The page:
M.B.A. students win $20k in UNT’s first Ed Tech Ascend pitch competition

Friday, March 22, 2019 - 12:47
M.B.A. students Charles Laws and Michelle Schodowski won $20,000 in UNT's first Ed Tech Ascend pitch competition.
M.B.A. students Charles Laws and Michelle Schodowski won $20,000 in UNT's first Ed Tech Ascend pitch competition.

An app aimed at connecting aspiring artists with renowned, experienced musicians who can provide valuable performance critiques via written, audio or video upload was the presentation that won the top $20,000 prize in UNT’s first Ed Tech Ascend pitch competition.

Inspired by the hit show Shark Tank®, the pitch competition – Ed Tech Ascend – offered $25,000 in prizes, including the top prize of $20,000 and a second-place prize of $5,000.

UNT M.B.A. students Michelle Schodowski and Charles Laws put forward the winning pitch.

“This competition was an amazing opportunity for us,” said Laws, who earned his bachelor’s degree in Spanish from UNT in 2018. “This will help us get off to a great start.”

Their budding company, Denton-based Radda, is an online service that facilitates the seeking and giving of musical advice while fostering valuable connections among artists across the globe.

“Music masterclasses, where you get to study for about 20 minutes with a master in the field, are very important to the profession,” said Schodowski, who earned her bachelor’s degree in piano performance from UNT in 2018. “We wanted to take that idea and put it online to create a service where people have a way to reach out to experts in their field to get feedback. Our idea is to start with music, but then expand it to academia, arts, science, literature – we want to eventually be able to do everything.”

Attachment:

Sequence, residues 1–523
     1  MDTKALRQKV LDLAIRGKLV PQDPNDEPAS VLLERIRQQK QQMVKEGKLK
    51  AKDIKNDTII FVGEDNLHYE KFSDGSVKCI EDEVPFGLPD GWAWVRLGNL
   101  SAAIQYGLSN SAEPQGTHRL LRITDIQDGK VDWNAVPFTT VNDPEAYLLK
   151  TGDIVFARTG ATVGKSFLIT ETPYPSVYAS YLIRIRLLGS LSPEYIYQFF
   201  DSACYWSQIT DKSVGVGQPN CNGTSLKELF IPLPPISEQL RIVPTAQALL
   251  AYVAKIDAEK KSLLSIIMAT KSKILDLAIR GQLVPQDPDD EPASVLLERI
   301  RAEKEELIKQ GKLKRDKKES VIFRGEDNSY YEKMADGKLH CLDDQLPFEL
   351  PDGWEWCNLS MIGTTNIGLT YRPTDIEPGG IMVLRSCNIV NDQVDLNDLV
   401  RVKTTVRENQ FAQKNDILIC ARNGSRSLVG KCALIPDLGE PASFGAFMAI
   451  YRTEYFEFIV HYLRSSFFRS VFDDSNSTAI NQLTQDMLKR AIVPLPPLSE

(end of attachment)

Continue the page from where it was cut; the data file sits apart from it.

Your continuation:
The second-place winner of $5,000 was Colorado-based mindSpark Learning, which proposed using their prize money for hosting two-day EdTech Summer Institutes to help train educators how to navigate various digital tools to use in their schools and classrooms to ensure students are not just bystanders to technological advances.

The Ed Tech Ascend pitch contest was designed to encourage creative individuals and teams to “sell” their product vision to judges, companies and potential investors.

The four judges were UNT President Neal Smatresk alongside Xi Leung, UNT assistant professor of hospitality and tourism management; Victor Prybutok, vice provost for graduate education and dean of UNT’s Toulouse Graduate School; and Peter Balyta, president of education technology and vice president of academic engagement and corporate citizenship at Texas Instruments.

“UNT was proud to offer our pitch competition in partnership with Edmodo to give our students and the greater educational technology community the opportunity to push their innovations forward,” said Adam D. Fein, vice president of digital strategy and innovation at UNT. “UNT is emerging as a national leader in this space, and we wanted to offer a forum for the best and brightest ideas to come to fruition.”

The competition was part of the US-China Smart Education Conference, which brought global thought leaders, technology experts, industry leaders and educators from all learning levels to Denton in March. This was the fourth year of the conference, and the first time it was hosted in the U.S. UNT co-hosted the three-day conference with Beijing Normal University.

The title sponsor for the conference was Edmodo, a subsidiary of NetDragon. Edmodo is the largest global learning community offering a communication and collaboration platform to K-12 schools targeting teachers, students, administrators and parents. Edmodo enables teachers to share content resources, distribute quizzes and assignments, and communicate with students, colleagues and parents. To date, Edmodo has over 90 million registered users in more than 400,000 schools across 192 countries.

UNT News Service
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